The signet ring in this story represents a specific function. But in most Biblical depictions, jewelry represents value and/or beauty.

When the Israelites were constructing the Tabernacle, Moses took an offering from the people, and “All who were willing, men and women alike, came and brought gold jewelry of all kinds: brooches, earrings, rings and ornaments. They all presented their gold as a wave offering to the Lord.” (Exodus 35:22)

And through the prophet Ezekiel, the Lord speaks of the value He placed on Israel by proclaiming:

“I adorned you with jewelry: I put bracelets on your arms and a necklace around your neck, and I put a ring on your nose, earrings on your ears and a beautiful crown on your head. So you were adorned with gold and silver; your clothes were of fine linen and costly fabric and embroidered cloth. Your food was honey, olive oil and the finest flour. You became very beautiful and rose to be a queen. And your fame spread among the nations on account of your beauty, because the splendor I had given you made your beauty perfect, declares the Sovereign Lord. ” Ezekiel 16:11-14

In these passages, it is hard to distinguish between beauty and value, because they are so closely interrelated. The beautifying adornments are meant to proclaim and attest to the value of the one wearing them in addition to accenting her inherent beauty.

But Ezekiel continues by revealing what happens when we lose sight of the true source of our value and beauty:

“But you trusted in your beauty and used your fame to become a prostitute. You lavished your favors on anyone who passed by and your beauty became his. ” Ezekiel 16:15

Is Wearing Jewelry a Sin in the Bible?

In the passage from Ezekiel, it was God who adorned the Israelites with jewelry.

The bracelets presented to Rebekah, the beauty treatments provided for Esther, and the ring given to the prodigal son are all gifts, bestowed from another, and not something that the wearer made or purchased on their own.

And they are all good gifts with a good purpose.

But when we lose sight of the giver and let pride take hold, wearing jewelry and makeup can become an act of idolatry.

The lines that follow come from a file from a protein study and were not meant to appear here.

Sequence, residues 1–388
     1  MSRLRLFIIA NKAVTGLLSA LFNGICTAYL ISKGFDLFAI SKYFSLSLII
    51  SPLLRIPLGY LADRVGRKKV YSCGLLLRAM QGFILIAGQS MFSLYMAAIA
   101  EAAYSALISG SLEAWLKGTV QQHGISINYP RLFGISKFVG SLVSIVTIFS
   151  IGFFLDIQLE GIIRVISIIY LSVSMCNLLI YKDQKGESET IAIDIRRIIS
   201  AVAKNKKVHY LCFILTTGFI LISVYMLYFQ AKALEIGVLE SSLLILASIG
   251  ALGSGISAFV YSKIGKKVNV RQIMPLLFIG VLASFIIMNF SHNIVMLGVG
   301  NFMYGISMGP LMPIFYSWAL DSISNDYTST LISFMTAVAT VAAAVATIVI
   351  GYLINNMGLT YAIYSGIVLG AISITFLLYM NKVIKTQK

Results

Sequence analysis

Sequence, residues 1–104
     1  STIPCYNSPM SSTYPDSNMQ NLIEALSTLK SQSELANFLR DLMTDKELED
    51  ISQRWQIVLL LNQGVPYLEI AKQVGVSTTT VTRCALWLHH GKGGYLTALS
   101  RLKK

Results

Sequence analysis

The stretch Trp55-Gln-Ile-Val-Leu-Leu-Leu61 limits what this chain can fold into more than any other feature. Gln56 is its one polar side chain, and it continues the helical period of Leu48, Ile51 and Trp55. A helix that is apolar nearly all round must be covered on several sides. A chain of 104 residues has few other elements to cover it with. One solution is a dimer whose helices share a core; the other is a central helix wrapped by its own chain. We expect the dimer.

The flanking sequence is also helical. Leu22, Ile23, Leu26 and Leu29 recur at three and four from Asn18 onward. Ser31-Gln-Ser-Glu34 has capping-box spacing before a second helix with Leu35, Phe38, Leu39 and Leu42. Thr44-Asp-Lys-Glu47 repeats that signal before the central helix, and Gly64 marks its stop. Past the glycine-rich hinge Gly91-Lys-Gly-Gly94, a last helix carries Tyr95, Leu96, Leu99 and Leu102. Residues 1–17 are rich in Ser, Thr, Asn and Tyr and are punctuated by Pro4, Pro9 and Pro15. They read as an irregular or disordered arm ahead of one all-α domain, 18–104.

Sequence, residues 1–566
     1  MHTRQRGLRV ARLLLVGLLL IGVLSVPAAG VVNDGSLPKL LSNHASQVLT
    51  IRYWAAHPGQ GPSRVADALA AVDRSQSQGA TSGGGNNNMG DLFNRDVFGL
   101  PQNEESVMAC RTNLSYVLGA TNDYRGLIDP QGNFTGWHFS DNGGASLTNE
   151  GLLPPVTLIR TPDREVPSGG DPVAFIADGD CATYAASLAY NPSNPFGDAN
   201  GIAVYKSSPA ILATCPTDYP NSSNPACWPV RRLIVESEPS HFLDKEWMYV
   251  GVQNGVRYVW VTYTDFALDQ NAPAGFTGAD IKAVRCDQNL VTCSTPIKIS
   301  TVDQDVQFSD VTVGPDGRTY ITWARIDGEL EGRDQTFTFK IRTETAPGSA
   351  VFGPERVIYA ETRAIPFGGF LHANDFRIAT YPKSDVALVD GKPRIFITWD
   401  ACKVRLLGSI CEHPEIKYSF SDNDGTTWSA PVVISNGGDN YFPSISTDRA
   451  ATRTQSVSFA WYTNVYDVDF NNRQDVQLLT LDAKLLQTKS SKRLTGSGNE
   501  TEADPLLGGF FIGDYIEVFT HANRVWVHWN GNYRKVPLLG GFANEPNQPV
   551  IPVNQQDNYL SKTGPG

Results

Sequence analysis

In the opening chapters of Isaiah, the Lord promises to confront Israel’s pride, saying:

“In that day the Lord will snatch away their finery: the bangles and headbands and crescent necklaces, the earrings and bracelets and veils, the headdresses and anklets and sashes, the perfume bottles and charms, the signet rings and nose rings… ” Isaiah 3:18-21

In the New Testament, women are cautioned to use jewelry modestly:

“I also want the women to dress modestly, with decency and propriety, adorning themselves, not with elaborate hairstyles or gold or pearls or expensive clothes, but with good deeds, appropriate for women who profess to worship God. ” 1 Timothy 2:9-10
“Your beauty should not come from outward adornment, such as elaborate hairstyles and the wearing of gold jewelry or fine clothes. Rather, it should be that of your inner self, the unfading beauty of a gentle and quiet spirit, which is of great worth in God’s sight. ” 1 Peter 3:3-4

Just as relying on our own knowledge, strength, or wealth is a manifestation of pride, so too is reliance on our physical beauty. Plus, if our adornments are intended to inflame lust in others or to flaunt wealth, then we sin not only against God but against the community of believers around us.

That is why the writer of Proverbs cautions that “Like a gold ring in a pig’s snout is a beautiful woman who shows no discretion.” (Proverbs 11:22)

Jewelry itself is not a problem, but it can be misused if it draws the attention of the wearer or the observer away from what God desires for us. The Lord looks at the heart (1 Samuel 16:7) and invites us not only to do the same but to put our inner beauty on prominent display through gentleness and good deeds.

Jac F

Jac is a church leader, lay preacher, and writer from Bucks County, Pennsylvania. His articles and devotionals appear on multiple Christian blogs and Bible apps. His first book, an Advent devotional, is scheduled to be released in September 2022.